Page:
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    Performance and Validation of an On-Line Fish Ventilatory Early Warning System

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    A continuous, automated biological early warning system for rapidly detecting acutely toxic wastewater was developed and tested over a two-year period at an ammunition manufacturing plant. The computerized system simultaneously tracked and analyzed the ventilatory frequency of control and exposed bluegill (Lepomis macrochirus), generating either “warnings” or “alarms” depending on the toxicity of the exposure water. Standard acute flow-through toxicity tests (96 h) were concurrently performed on the wastewater to validate the results of the ventilatory system. Standard water quality and chemical monitoring were also performed during the study to interpret the results of the early warning system.

    Several preliminary trials indicated that a data assessment interval of 10 min and a sampling rate of 60 Hz for each fish was generally sufficient for detecting acutely toxic conditions. Alarms (statistically significant changes in ventilatory rate over time) were usually generated within 30 min of exposure to effluent concentrations approximating the 96-h median lethal concentration (LC50) value. Time to alarm was inversely related to the toxicity (percentage of the LC50) of the effluent; longer times to alarm occurred with decreasing effluent toxicity (R2 = -0.88). The system was capable of detecting 10% of the 96-h LC50 concentration within 24 h. Less toxic effluent concentrations were not reliably detected with the present system.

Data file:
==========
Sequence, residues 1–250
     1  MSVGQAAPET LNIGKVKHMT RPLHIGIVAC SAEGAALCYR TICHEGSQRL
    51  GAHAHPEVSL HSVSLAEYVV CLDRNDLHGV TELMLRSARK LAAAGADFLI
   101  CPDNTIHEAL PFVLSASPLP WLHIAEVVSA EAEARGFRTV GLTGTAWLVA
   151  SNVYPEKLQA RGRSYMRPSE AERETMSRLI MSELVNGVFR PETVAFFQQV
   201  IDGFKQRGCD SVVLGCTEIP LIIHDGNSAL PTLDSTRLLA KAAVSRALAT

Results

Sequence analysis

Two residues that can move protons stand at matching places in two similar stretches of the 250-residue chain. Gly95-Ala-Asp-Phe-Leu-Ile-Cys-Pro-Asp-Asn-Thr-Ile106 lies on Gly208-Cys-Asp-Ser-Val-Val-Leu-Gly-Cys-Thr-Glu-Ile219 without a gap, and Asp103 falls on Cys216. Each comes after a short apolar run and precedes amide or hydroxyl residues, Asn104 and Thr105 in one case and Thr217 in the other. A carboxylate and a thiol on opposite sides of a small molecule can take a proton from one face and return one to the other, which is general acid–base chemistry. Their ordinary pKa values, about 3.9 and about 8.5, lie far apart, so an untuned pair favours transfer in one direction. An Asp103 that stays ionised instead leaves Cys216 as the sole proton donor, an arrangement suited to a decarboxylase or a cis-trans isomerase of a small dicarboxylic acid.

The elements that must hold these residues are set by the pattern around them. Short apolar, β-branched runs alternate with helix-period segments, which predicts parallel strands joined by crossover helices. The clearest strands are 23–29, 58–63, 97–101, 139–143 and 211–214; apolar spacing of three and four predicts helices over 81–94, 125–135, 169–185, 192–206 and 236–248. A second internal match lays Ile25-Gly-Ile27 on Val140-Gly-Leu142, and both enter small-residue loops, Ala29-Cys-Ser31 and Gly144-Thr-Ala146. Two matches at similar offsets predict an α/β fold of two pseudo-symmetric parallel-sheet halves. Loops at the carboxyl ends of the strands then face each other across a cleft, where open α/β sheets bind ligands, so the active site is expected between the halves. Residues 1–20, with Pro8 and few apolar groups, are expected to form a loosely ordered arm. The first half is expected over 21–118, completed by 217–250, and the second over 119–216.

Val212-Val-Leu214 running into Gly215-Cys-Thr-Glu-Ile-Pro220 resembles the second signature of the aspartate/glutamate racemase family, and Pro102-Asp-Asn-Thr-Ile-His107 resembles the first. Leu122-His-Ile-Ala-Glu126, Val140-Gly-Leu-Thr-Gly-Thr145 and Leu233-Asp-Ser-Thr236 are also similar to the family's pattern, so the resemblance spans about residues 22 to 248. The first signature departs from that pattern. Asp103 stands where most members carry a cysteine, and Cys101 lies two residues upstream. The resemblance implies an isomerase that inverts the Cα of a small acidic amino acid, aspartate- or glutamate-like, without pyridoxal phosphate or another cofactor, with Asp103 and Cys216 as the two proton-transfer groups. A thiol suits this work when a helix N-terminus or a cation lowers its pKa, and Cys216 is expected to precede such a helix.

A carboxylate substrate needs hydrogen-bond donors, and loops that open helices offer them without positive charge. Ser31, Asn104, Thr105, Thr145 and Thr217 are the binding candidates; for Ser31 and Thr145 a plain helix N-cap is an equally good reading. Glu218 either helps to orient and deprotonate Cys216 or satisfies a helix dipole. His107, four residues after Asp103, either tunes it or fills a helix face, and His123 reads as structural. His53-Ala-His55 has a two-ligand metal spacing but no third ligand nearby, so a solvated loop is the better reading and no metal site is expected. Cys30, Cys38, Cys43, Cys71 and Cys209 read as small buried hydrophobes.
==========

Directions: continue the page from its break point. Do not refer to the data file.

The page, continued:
Water quality and chemical monitoring data generally contributed little information in this study. A general lack of analytical sensitivity may have contributed to this finding. It was thought that better analytical sensitivity would have yielded stronger correlations between the chemical composition of the effluent and toxicity effects. Regression analyses indicated that 35% of the variability in the toxicity tests and ventilatory data was explained by the available chemical data.

    Two general problems were evident in this system. First, ventilatory rate alone was occasionally an insufficient parameter for detecting acute toxicity. In several runs, ventilatory amplitude and waveform patterns were more informative response variables than frequency. Second, due to the insufficient information generated at times by frequency data alone, false alarms or lack of alarms were evident, reducing the reliability of the system. Results of this study confirm that fish ventilatory systems can serve as useful early warning tools for monitoring wastewaters and that all facets of ventilatory behavior need to be monitored to ensure system reliability. This study also shows that validation of early warning systems, through traditional toxicity tests and chemical monitoring, is crucial to the development of sound approaches for rapidly detecting toxics in surface waters.


    biological early warning systems, fish monitoring, ventilatory behavior, pollution monitoring, aquatic toxicology

    Author Information:

    Gruber, D
    President and technical director, Biological Monitoring, Inc., Blacksburg, VA

    Diamond, J
    President and technical director, Biological Monitoring, Inc., Blacksburg, VA

    Johnson, D
    Contracting officer, U.S. Army Armament, MD

    Committee/Subcommittee: E47.01

    DOI: 10.1520/STP10291S